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"PrEP is widely known and works very well …



Among the strategies that are being implemented to combat HIV, there is one that demonstrates greater effectiveness. This is a pre-exposure prophylaxis, also known as PrEP. These are tablets that contain emtricitabine and tenofovir, two drugs that are also used in antiretroviral drugs, because they reduce the amount of virus in the blood and prevent its reproduction.

Cities like London, San Francisco and New York are registering fewer and fewer new HIV infections, and experts link most of this achievement to the use of this pill.

With daily use of PrEP, more than 90 percent reduces the chance of being infected with HIV sexually or 70 percent when using needles that are not sterilized or used by several people, according to the US Centers for Disease Control and Prevention (CDC) to shorten it in English.

Since 2012, the American laboratory has been selling it under the Truvada brand. And three years later, the World Health Organization (WHO) began recommending its use for HIV prevention among groups at high risk of HIV infection, such as homosexuals, bisexual men and their female partners, sex workers, or sex workers. vapors of someone infected by this virus.

Omar Suede, Technical Director of Fundación Huésped, explained: “PrEP is widely known, approved and works very well. We from the Foundation call on the government to include it in the fight against HIV. ”

Why is this not included yet?

– There is a lot of talk about cost, this is one of the arguments of those who do not want the state to take responsibility. But this is a fallacy. A tablet costs 17,000 pesos a month if you buy it at a pharmacy, 4000 if you get it through social work, and 700 if it is provided by the state. That is why state participation is important. It is cheaper than treating an infected person.

-How it works?

– It has emtricitabine and tenofivir, two drugs that prevent the colonization and reproduction of the virus. These drugs are also used, among others, to treat HIV infection in people who already have it.

Can anyone use this?

-Not. There are limitations. The first condition is that the person is not infected. PrEP prevents, does not treat.

-Why it does not work on infected people?

-Because "incomplete" treatment (use only two sets of three drugs that make up the full treatment) is ineffective in controlling the infection and, more importantly, causes resistance to these drugs. Then they will not help this person to cure their infection.

What other conditions for its use?

– The other condition is that it is part of a prevention and care strategy. The PrEP user should periodically check to see if he has become infected. And the point is not that everyone starts using it, it is also intended for groups that are more likely to get infected. And the ideal is to use it in the context of preventive measures: the use of prophylactic agents, not giving out syringes, and so on. The tablet serves, for example, at preventive breakdown. This should be rare. But a sex worker who has a relationship with 50 people a week has a high risk of being broken at some point.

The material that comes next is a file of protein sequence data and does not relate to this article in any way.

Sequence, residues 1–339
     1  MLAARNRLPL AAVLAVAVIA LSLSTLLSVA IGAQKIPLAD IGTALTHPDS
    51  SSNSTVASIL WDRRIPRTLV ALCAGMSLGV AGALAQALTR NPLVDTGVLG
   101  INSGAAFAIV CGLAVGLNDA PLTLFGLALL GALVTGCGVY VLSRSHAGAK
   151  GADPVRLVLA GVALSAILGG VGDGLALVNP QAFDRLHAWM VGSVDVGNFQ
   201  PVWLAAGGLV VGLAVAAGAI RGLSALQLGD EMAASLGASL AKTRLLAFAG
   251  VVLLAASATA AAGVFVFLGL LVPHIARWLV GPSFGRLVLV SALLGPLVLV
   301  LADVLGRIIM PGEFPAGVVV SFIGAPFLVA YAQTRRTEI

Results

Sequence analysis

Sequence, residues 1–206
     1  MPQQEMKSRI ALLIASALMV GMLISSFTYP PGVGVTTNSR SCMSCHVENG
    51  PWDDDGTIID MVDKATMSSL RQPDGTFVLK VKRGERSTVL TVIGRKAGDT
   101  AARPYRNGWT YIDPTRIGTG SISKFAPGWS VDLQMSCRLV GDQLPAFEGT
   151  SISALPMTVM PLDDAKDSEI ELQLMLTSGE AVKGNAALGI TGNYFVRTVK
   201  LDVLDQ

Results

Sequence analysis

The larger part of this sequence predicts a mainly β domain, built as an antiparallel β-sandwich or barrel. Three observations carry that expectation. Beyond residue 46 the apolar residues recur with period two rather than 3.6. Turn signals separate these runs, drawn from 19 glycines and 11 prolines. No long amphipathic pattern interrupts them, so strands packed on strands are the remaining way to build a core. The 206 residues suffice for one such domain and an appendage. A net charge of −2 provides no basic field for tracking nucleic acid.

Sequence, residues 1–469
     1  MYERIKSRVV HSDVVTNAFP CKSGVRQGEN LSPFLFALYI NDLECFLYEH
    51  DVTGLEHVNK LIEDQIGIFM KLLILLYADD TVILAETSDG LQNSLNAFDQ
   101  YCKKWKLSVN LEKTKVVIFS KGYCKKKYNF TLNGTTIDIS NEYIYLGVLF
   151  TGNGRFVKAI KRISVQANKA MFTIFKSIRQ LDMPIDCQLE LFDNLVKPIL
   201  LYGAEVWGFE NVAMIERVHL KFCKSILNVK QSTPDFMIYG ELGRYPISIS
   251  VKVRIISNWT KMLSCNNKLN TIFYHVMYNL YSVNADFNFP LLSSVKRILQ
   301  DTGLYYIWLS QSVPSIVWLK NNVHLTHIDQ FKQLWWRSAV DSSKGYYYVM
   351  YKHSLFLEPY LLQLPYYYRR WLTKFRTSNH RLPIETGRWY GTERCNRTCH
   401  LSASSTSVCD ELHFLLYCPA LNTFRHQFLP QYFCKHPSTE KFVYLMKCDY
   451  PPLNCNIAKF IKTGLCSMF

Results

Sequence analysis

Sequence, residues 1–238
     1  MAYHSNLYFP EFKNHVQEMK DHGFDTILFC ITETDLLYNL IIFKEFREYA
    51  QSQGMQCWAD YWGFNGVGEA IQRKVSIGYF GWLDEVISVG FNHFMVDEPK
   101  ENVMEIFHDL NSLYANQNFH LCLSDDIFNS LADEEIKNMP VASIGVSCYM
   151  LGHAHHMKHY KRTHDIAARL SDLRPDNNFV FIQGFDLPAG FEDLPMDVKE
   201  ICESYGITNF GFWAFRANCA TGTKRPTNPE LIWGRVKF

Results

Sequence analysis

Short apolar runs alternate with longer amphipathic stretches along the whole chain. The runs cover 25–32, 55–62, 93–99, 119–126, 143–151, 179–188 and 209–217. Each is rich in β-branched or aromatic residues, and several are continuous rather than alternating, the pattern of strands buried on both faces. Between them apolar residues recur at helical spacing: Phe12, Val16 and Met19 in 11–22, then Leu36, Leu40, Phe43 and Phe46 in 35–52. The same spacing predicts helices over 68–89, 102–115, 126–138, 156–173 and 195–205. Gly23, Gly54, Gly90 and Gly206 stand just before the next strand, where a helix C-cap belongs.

-You said that there are groups that oppose this pill.

– Resistance in some cases due to moral issues. Things like the state cannot spend money on this if there are guys who need milk.

Huge nonsense. The state should provide the necessary milk, as well as what is needed to combat the spread of HIV.

– Of course. This is a false argument, as are the groups that have stated that it is not necessary to legalize abortions, but to develop the ESI, and now they are against the ESI. These are groups that try to punish certain sexual practices and certain pleasures.

– Only these reactionary groups oppose?

No, there is also opposition from some groups of people living with viruses.

– True? How strange!

– Yes, we can assume that they will support any initiative, so that it does not spread more people, but no. The argument is that instead of PrEP, more campaigns need to be developed to use a prophylactic agent (here we also have to do both, not resist). But others fear that if you encourage the use of this pill, it will damage the resources intended to fight the infection.

– They don't seem like worthy arguments.

– They are not.

-We are talking about side effects, such as kidney problems, liver problems …

-PrEP is a medicine, and, like everyone else, it can cause problems. But just read the prospectus of any, and we will see that they are all potentially dangerous. But in order for us to have an idea of ​​the potential danger, we must remember that WHO does not recommend any specific follow-up action for users who have not had liver or kidney diseases in history.

– It seems less dangerous to the kidneys than diclofenac …

– Of course yes. Of course, it must be taken by prescription and under medical supervision.

– Is it used in Argentina?

Yes. That is why we encourage state participation to reduce costs, and this can be achieved through social work or with the help of the state. There is a boy who submitted the injunction, and until, until the main problem is resolved, OSDE should provide it. With the Foundation, we are part of an international research consortium, among other things, to see ways to manage. In France, they showed that it may not be necessary to take pills every day, and in other places they are considering injection every two months.


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